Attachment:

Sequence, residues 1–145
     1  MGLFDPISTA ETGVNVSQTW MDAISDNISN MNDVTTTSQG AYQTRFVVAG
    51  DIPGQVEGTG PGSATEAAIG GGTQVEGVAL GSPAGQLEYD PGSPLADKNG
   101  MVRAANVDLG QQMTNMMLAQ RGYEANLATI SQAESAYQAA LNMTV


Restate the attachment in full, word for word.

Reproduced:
Sequence, residues 1–145
     1  MGLFDPISTA ETGVNVSQTW MDAISDNISN MNDVTTTSQG AYQTRFVVAG
    51  DIPGQVEGTG PGSATEAAIG GGTQVEGVAL GSPAGQLEYD PGSPLADKNG
   101  MVRAANVDLG QQMTNMMLAQ RGYEANLATI SQAESAYQAA LNMTV